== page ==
and shadow. The painter dispenses with outline because he can define contours against other masses or build out the form in relief by the use of values.
You must understand the difference between contour and line. A piece of wire presents a line. A contour is an edge. That edge may be a sharp limitation to the form (the edges of a cube) or a rounded and disappearing limitation (the eon-tour of a sphere). Many contours pass in front of one another, like the contours of an undulating landscape. Line figure drawing, even as landscape drawing, demands foreshortening in order to produce the effect of solid form. You cannot outline a figure with a bent wire and hope to render its solid aspect. Look for two kinds of lines: the flowing or rhythmic line, weaving it about' die form; and, for the sake of stability and structure, the contrasting straight or angular line.
Line can have infinite variety, or it can be intensely monotonous. Even if you start with a bent wire, you need not make it entirely monotonous. You can vary the weight of line. When you are drawing a eontour that is near a very light area, you can use a light line or even omit it entirely. When the line represents a contour that is dark and strong, you can give it more weight and vitality. The slightest outline drawing can be inventive and expressive.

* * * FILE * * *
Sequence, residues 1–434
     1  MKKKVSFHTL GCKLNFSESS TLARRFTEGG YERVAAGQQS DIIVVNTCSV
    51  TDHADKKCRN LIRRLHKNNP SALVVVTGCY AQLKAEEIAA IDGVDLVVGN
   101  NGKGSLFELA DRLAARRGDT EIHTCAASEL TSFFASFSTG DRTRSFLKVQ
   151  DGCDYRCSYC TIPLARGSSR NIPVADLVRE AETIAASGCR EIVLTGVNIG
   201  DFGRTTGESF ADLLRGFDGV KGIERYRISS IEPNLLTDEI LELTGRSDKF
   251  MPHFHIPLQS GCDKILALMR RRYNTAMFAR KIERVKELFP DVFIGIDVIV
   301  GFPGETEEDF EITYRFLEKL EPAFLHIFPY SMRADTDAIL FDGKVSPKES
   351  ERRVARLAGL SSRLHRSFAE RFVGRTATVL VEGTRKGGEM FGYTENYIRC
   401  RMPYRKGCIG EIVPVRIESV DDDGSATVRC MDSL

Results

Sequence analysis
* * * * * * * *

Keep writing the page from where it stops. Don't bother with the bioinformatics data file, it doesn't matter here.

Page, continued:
Take up your pencil and begin to swing it over your paper; then let it down. That is a "free" line, a "rhythmic" line. Now, grasping your pencil lightly between thumb and index finger, draw lightly or delicately. Then bear down as though you really meant it. That is a "variable" line. See if you can draw a straight line and then set down another parallel to it. That is a "studied" line.
If you have considered a line as merely a mark, it may be a revelation to you that line alone possesses so much variation that you can worry over it for the rest of your days. Remem-
bcr that line is something to turn to when your drawings arc dull. You can start expressing your individuality with the kinds of line you draw.
Now to the figure. What is the height-to-width relationship of an ideal figure? An ideal figure standing straight must fit within a certain rectangle. What is that rectangle? See drawing, page 26. The simplest and most convenient unit for measuring the figure is the head. A normal person will fall short of our ideal by half a head-he will measure only seven and a half heads instead of eight. You need not take eight heads as an absolute measure. Your ideal man may have any proportions you wish, but he is usually made tall. On pages 26 to 29 you will find various proportions in head units. Note that at any time you can vary your proportions to suit the particular problem. Study these carefully and draw them, two or three times, for you will use them, consciously or not, every time you set up a figure. Some artists prefer the legs even a little longer than shown. But, if the foot is shown tipped down in perspective, it will add considerable length and be about right.
It is remarkable that most beginners' work looks alike. Analyzing it, I have found certain characteristics that should be mentioned here. 1 suggest that you compare this list with your own work to see if you can locate some of the characteristics for improvement.
1. Consistently gray throughout.
What to do: First get a soft pencil that will make a good black.
Pick out the blacks in your subject and state them strongly.
By contrast, leave areas of white where subject is white or very light. Avoid putting overstated grays in light areas.
Do not surround things that aio light with heavy lines.
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